• Tomcat: A free and open-source web server, but not strictly a Java EE server. However, it can be extended with additional components to support Java EE features. It’s known for its simplicity and performance, making it a popular choice for smaller applications or development environments.

Beyond Java EE: Exploring the Diverse Landscape of Application Servers

We explored the world of Java EE servers. Now, let’s venture outside this realm and discover the rich ecosystem of application servers available for different technologies and needs.

Node.js Servers:

  • Express.js: A popular, minimalist web framework built on Node.js, offering flexibility and a robust set of features for building web applications and APIs.
  • Koa.js: Another popular web framework for Node.js, known for its smaller footprint and flexibility compared to Express.js. It allows for finer-grained control over the request-response cycle.
  • NestJS: A relatively new but powerful framework for building scalable, enterprise-grade Node.js applications inspired by Angular. It provides a structured, layered architecture and simplifies development.

Non-Java Servers:

  • Apache HTTP Server: A free and open-source web server, prevalent on the internet. While not strictly an application server, it can be extended with modules to support various functionalities beyond basic static content serving.
  • Microsoft IIS (Internet Information Services): A web server included with Microsoft Windows Server operating systems. It offers various features for hosting web applications and APIs, though primarily caters to the Windows ecosystem.
  • Nginx (pronounced “engine-x”): A high-performance, open-source web server known for its efficiency and scalability. It’s often used as a reverse proxy or load balancer in front of application servers.

Python Servers:

  • Django Channels: An asynchronous framework built on top of the Django web framework, enabling real-time features like chat or websockets.
  • Gunicorn: A popular Python web server gateway interface (WSGI) server, often used for deploying Python web applications.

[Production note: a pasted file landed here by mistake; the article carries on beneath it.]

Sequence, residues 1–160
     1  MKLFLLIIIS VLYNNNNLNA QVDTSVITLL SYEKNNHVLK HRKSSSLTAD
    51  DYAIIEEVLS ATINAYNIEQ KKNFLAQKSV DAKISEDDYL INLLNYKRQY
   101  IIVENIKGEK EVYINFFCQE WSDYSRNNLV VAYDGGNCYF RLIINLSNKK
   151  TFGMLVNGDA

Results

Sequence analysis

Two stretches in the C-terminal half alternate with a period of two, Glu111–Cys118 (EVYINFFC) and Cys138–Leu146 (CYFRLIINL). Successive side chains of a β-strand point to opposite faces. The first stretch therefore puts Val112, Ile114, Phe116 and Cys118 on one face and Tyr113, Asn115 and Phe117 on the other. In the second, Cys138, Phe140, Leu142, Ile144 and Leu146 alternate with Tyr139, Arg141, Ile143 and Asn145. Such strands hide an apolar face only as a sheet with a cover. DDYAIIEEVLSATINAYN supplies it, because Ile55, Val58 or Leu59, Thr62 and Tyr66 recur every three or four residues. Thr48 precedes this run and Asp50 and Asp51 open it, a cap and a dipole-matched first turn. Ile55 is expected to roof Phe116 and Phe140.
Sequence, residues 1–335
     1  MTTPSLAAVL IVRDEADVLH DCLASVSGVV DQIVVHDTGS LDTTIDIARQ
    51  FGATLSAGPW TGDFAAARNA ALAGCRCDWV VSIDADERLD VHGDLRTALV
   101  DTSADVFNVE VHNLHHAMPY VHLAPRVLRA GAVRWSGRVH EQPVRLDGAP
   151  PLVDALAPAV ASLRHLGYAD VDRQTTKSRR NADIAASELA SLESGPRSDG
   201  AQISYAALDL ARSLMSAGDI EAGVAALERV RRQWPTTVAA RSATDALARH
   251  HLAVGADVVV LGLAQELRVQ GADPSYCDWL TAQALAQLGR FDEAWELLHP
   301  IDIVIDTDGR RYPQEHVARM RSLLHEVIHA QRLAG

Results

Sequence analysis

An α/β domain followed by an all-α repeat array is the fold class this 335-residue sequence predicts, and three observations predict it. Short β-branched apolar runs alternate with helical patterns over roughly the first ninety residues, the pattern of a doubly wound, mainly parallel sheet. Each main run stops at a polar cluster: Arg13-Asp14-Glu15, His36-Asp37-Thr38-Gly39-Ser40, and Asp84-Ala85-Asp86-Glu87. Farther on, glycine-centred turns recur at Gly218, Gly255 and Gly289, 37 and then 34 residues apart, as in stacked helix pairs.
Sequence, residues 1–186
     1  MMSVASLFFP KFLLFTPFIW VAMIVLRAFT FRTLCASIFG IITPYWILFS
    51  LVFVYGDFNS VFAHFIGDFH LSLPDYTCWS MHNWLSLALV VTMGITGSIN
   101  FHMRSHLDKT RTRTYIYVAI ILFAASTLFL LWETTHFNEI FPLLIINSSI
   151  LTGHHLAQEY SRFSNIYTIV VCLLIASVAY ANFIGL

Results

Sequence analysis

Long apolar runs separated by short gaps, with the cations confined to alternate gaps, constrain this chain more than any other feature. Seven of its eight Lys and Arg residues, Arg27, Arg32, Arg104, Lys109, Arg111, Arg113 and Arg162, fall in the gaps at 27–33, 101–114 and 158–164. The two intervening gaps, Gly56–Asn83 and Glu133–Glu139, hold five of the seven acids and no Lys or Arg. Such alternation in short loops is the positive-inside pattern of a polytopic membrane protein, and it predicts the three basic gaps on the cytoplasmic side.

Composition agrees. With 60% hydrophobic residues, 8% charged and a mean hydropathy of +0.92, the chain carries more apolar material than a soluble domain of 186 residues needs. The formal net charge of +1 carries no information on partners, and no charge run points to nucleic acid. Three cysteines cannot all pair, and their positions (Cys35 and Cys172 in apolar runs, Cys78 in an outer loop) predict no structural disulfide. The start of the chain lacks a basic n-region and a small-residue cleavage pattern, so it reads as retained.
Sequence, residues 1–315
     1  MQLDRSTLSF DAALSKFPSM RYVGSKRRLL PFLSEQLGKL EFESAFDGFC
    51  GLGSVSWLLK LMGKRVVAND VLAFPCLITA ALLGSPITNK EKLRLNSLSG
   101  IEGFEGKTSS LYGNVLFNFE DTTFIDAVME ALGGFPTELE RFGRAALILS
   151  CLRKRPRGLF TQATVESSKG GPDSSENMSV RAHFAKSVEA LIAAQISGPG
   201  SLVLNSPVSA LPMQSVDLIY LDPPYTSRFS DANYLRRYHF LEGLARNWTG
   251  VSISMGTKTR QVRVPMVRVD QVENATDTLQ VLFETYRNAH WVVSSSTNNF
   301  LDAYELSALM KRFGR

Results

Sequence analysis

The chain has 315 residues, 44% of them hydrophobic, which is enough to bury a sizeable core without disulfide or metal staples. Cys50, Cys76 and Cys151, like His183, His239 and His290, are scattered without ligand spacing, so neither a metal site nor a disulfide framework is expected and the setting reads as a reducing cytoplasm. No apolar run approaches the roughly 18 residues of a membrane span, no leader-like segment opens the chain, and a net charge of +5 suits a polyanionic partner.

• uWSGI: Another WSGI server for Python, known for its flexibility and advanced features.

Specialized Servers:

  • PHP Servers:
    • HHVM (HipHop Virtual Machine): A high-performance, open-source runtime environment for running PHP code, offering significant performance improvements over traditional PHP interpreters.
    • Phalcon: A high-performance PHP framework that optimizes performance and reduces code complexity.
    • Zend Server: A commercial PHP application server offering a comprehensive platform for building, deploying, and managing PHP applications.

The landscape of application servers is vast and ever-evolving, offering a variety of options for building and deploying web applications. Whether you’re using Java, Node.js, Python, PHP, or another language, there’s a server well-suited to your project’s specific needs.


  • Consider your programming language: Different servers cater to different languages; choose one compatible with your development environment.
  • Evaluate your project’s scale: Determine your application’s expected traffic and growth to select a server that can handle the load.
  • Prioritize desired features: Consider essential functionalities, such as security, scalability, and ease of use, when making your choice.

Exploring the various options and understanding their strengths and weaknesses is crucial for making informed decisions. By delving deeper into this dynamic world of application servers, you can empower yourself to build robust, efficient, and scalable web applications.

Feel free to share your experiences and preferences when it comes to application servers in the comments below!